Riding high on his trip to the Virginia state track championships as a freshman, Thomas A. Edison’s Louis Colson got overconfident going into his second year of cross country.
Overconfident, but certainly not lazy.
“I ended up overtraining and straining my calf,” he said, more than two years removed from discovering his injury-tipping point. “I thought my body could handle more than it could, and that ended up following me though a lot of that year. It was a good learning experience, though. I found out how hard I could push myself and stay healthy after that.”
With more time, though, he was back at it. His junior year, he was a nose away from finishing third at the state meet. His senior year, he was unbeatable in the commonwealth, regularly running low-15-minute 5k pace for all of his races. In the 5A state championship, he put his 30-second winning margin together in just the last two miles, also giving his team the low stick for their eighth place finish.
“That was our goal, getting the team to the state meet,” he said. “A lot of guys worked a long time for that.”
It seems like a lot of the team’s momentum started building in 2012, when the team started doing its workouts on a grassy field, a departure from the track Colson said had a big benefit.
“We got used to the holes, the rocks and made our ankles a lot stronger,” he said. “It was a lot more like running a cross country race.”
As a middle school student, Colson didn’t know what cross country was. When his physical education teacher, Bernie Flynn, got a glimpse of his speed, she appealed to him to try it out. It took a little while for him to give up on soccer, “but I really loved running,” he said.
His senior season included a trip to the Footlocker Cross Country Championships, thanks to a fourth place finish in the south regional, one second ahead of 5A rival Mackenzie Haight of George C. Marshall. Colson finished 32nd at the national finals, which he chalks up to a conservative start to the race.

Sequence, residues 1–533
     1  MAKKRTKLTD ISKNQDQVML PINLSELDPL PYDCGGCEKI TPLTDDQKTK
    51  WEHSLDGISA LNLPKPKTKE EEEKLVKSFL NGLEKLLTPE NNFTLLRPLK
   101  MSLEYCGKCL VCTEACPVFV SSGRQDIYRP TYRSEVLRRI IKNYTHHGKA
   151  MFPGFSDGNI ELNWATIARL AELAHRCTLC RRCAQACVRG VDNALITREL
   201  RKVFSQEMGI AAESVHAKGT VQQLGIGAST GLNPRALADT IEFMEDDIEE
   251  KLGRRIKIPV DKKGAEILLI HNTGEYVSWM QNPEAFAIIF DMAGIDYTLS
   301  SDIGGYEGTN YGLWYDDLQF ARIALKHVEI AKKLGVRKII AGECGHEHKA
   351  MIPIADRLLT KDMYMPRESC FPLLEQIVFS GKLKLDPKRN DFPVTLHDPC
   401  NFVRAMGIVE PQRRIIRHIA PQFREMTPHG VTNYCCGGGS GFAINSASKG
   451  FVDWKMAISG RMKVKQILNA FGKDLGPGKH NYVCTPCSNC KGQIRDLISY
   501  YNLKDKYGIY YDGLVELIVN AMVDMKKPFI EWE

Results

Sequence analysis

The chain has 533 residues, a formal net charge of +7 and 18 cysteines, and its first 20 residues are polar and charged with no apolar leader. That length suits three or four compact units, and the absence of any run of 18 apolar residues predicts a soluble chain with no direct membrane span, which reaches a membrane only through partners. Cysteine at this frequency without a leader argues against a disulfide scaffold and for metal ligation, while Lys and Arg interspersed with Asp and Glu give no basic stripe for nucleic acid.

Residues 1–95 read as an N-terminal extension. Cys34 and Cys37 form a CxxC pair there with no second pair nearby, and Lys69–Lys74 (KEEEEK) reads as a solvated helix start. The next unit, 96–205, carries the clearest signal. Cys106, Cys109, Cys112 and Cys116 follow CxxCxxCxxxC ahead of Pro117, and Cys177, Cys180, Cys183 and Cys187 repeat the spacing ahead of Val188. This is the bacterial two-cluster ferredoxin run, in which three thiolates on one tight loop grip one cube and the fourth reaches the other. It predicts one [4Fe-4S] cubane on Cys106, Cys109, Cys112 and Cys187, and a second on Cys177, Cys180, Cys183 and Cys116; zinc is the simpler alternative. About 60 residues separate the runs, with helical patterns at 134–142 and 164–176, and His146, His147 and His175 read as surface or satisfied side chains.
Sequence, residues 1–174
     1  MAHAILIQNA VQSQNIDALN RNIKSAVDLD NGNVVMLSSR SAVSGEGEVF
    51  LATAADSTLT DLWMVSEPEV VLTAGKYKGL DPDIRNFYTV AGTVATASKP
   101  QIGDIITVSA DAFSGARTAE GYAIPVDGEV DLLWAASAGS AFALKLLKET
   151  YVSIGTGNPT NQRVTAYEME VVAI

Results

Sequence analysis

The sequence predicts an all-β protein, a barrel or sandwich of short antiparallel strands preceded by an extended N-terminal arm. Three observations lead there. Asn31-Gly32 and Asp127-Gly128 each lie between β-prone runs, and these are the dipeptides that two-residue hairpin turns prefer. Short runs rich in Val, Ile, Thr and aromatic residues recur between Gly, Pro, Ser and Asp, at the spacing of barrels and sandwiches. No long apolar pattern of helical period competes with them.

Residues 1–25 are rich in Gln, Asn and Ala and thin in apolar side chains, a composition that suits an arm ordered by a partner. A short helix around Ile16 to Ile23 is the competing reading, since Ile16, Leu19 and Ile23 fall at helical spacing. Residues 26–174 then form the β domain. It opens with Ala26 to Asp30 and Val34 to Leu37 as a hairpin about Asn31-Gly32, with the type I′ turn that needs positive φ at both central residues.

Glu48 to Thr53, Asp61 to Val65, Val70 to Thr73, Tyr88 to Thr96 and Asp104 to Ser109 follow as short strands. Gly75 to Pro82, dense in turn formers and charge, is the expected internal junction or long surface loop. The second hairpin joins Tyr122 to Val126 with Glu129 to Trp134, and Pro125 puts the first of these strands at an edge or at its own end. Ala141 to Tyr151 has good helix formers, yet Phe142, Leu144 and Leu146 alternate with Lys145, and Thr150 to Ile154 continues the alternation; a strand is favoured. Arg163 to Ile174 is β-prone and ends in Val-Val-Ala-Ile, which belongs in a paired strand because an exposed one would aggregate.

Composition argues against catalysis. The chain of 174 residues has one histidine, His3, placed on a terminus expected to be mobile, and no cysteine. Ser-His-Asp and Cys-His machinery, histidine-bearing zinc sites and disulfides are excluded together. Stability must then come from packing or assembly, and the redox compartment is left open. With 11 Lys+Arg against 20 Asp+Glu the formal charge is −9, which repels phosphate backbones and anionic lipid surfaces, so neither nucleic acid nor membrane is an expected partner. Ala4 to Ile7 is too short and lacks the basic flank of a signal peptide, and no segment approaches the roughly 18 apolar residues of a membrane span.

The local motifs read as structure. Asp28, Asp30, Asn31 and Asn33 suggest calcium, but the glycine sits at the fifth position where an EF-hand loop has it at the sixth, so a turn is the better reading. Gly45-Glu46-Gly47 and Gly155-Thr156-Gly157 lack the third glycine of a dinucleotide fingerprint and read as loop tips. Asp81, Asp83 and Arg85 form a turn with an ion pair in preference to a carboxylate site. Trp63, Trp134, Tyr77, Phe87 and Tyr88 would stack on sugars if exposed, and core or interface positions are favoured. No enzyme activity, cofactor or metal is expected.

“Throughout the entire first mile, I couldn’t take two steps without almost kicking someone,” he said. “I hadn’t been in a race like that before, with more than two or three people running with me. I wish I had gone out and led a little, so I could have run like I’m used to.”
In contrast, his best race of the year, physically and mentally, was the Oatlands Invitational in late September in Leesburg. As was his strategy all year, he hung back in a pack that included top runners from Virginia, Maryland and West Virginia, including Virginia 6A champion Jack Stoney of Oakton and Maryland 2A champion, Poolesville’s Chase Weaverling, plus Haight. He burst into the lead halfway though and ran away from the pack on a extremely hilly third mile.
Outside of running, he spends most of his time playing the trumpet and “studying as much as I can. I don’t do a ton of activities, but what I do, I want to make sure I can do really well.”
In the fall, he’ll go to Harvard, where he plans to run cross country and study applied math.
“I’ve always been a math guy, and lately I’ve become a physics guy,” he said. “I’m not sure what I want to apply math to, but I’ll figure it out when I get to college.”